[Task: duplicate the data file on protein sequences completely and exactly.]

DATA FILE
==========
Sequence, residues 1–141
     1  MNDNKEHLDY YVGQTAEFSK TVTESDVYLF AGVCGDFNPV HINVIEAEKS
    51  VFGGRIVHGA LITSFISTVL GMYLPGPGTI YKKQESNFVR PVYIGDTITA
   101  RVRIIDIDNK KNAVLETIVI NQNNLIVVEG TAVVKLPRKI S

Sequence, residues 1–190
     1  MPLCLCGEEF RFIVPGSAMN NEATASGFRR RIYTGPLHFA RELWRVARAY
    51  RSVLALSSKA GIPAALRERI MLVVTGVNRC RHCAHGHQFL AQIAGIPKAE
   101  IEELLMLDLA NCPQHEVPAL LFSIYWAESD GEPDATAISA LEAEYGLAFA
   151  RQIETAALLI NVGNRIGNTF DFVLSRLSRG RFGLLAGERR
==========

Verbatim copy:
Sequence, residues 1–141
     1  MNDNKEHLDY YVGQTAEFSK TVTESDVYLF AGVCGDFNPV HINVIEAEKS
    51  VFGGRIVHGA LITSFISTVL GMYLPGPGTI YKKQESNFVR PVYIGDTITA
   101  RVRIIDIDNK KNAVLETIVI NQNNLIVVEG TAVVKLPRKI S

Sequence, residues 1–190
     1  MPLCLCGEEF RFIVPGSAMN NEATASGFRR RIYTGPLHFA RELWRVARAY
    51  RSVLALSSKA GIPAALRERI MLVVTGVNRC RHCAHGHQFL AQIAGIPKAE
   101  IEELLMLDLA NCPQHEVPAL LFSIYWAESD GEPDATAISA LEAEYGLAFA
   151  RQIETAALLI NVGNRIGNTF DFVLSRLSRG RFGLLAGERR